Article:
A new law has taken a big load off the shoulders of special needs military families who want to stay in the service until retirement.
The Disabled Military Child Protection Act, signed into law by President Obama in December, 2014 allows a military parent to provide a survivor benefit for a disabled child by paying it to a special needs trust for that child’s benefit.
Before this law passed, military parents of minor or adult children with disabilities faced a serious dilemma at retirement -- whether or not to choose the military Survivor Benefits Plan (SBP) retirement option for their children. The problem was that the benefit could not be assigned to a special needs trust and would potentially interfere with the child’s eligibility for government benefits programs, such as Medicaid, SSI and housing programs. The old law provided that the SBP could be designated only to a “person” and it was interpreted by the Defense Department that “person” did not include a trust.
The new law is a major victory for military parents of children with special needs because it allows them to provide a survivor benefit and also keep their child qualified for various government benefit programs. The SBP will pay up to 55 percent of the military member’s retirement pay to a spouse and/or dependent child when the retiree dies. The member can also select a lesser benefit at a lesser cost. The military member can select between coverage for a spouse only, a spouse and children, or children only. The member takes a reduction of about 6.5 percent in retirement pay for SBP for a spouse and only about $20/month for dependent children.
A very important point in this new legislation is that the special needs trust to which the SBP is assigned must be “a supplemental or special needs trust established under subparagraph (A) or (C) of section 1917(d)(4) of the Social Security Act (42 U.S.C. 1396p(d)(4)) ..."
That means that the trust must be a first party or self-settled special needs trust with payback to Medicaid on the death of the beneficiary/disabled child. Families considering assigning the SBP to a special needs trust should consult an experienced special needs planning attorney to ensure that the correct type of special needs trust is utilized in their plan.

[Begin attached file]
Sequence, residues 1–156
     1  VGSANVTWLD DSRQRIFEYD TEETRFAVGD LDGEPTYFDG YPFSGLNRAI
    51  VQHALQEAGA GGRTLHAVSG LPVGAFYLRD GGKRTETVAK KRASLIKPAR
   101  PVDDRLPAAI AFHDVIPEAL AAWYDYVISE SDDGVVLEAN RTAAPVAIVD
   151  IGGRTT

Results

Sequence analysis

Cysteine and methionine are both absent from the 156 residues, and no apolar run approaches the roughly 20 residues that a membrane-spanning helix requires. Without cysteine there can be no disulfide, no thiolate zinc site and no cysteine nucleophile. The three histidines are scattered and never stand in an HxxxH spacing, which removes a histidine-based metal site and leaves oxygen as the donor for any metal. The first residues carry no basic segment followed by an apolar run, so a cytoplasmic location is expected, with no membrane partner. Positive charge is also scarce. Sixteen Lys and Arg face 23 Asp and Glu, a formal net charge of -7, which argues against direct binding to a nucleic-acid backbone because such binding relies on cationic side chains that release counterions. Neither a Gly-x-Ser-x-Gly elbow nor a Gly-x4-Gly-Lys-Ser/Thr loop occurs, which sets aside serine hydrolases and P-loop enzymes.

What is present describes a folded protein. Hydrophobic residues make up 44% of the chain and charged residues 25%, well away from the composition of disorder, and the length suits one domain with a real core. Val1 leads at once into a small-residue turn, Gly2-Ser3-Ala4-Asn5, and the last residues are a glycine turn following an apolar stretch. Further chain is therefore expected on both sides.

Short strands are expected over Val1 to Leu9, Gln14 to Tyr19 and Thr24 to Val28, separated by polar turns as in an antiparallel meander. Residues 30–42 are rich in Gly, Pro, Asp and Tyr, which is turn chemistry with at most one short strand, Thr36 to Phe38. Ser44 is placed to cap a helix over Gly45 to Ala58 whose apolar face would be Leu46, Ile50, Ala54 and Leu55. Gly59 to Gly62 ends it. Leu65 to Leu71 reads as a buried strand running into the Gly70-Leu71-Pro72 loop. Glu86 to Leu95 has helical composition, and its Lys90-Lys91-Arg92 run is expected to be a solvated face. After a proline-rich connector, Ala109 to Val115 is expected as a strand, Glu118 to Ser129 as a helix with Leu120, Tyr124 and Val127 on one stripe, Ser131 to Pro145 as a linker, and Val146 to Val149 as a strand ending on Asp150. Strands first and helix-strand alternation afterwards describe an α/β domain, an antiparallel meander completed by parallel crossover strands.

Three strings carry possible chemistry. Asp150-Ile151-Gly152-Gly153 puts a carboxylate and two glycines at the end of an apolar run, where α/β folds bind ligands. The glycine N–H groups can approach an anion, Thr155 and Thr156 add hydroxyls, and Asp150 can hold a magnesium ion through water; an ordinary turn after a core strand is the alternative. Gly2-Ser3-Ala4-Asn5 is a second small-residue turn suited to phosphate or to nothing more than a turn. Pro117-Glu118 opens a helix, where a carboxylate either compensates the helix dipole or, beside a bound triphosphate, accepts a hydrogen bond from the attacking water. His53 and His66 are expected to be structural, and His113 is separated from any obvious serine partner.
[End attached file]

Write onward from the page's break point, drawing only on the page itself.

In addition to (or in place of) the survivor benefit, a military member can provide an array of benefits for a child with a disability. In most cases a disabled child over age 18 can be designated as an Incapacitated Dependent (DD Form 137-5) and be permanently eligible for military post privileges as well as Tricare health benefits. However, these military benefits do not include supportive living programs or vocational opportunities. Unfortunately, the SBP and Tricare benefits are often not enough to pay privately for all the help that may be needed by an adult child with a disability. So the military family must often look to other programs to provide for a child's needs.
If the disabled child over age 18 has assets of less than $2,000 and minimal income, the disabled adult child will usually be eligible for Supplemental Security Income (SSI) and Medicaid. Although SSI pays only $733 monthly (2015 benefit) and Medicaid may seem to duplicate Tricare's health benefits, Medicaid “waiver” programs pay for a wide variety of programs and services that Tricare does not. If a disabled child is living independently, SSI money pays for food and shelter while Medicaid waiver pays for supported living programs, day programs, job coaching and other services. Thus, Tricare and Medicaid provide a complementary mix of health care benefits and support services needed by many adults with disabilities.
For a number of years we have advised families facing the SBP choice to consider just not electing the benefit for a disabled child. We believe that the Defense Finance and Accounting Service (DFAS) will consider establishing an “open season” for service members who previously declined the SBP for a disabled child -- allowing them to elect the SBP now that it can be assigned to a trust.
Military families who have a family member with a disability face numerous challenges not faced by most families. Frequent transfers make meeting the educational needs of their child a moving target. Those same transfers mean that obtaining Medicaid and other benefits for their child is repeated often as they move from state to state. A military family may spend years on a waiting list for Medicaid waiver services in one state, finally receive benefits, only to be transferred to another state and start the waiting list process all over again.
The inability to assign SBP payments to a special needs trust was one challenge facing military families that has at last been fixed.
Kelly A. Thompson has been a lawyer for 35 years, practicing law in Arlington, Virginia for the last 19 years. Her clients include many military families and her practice focuses on planning for individuals with disabilities and the elderly, special needs trusts, trust administration and estate planning. She is a member of the Special Needs Alliance, a national, non-profit organization committed to helping individuals with disabilities, their families, and the professionals who represent them. Contact information for a member in your state can be obtained by calling toll-free 1-877-572-8472, or by visiting: www.specialneedsalliance.org.
Photo courtesy U.S. Army.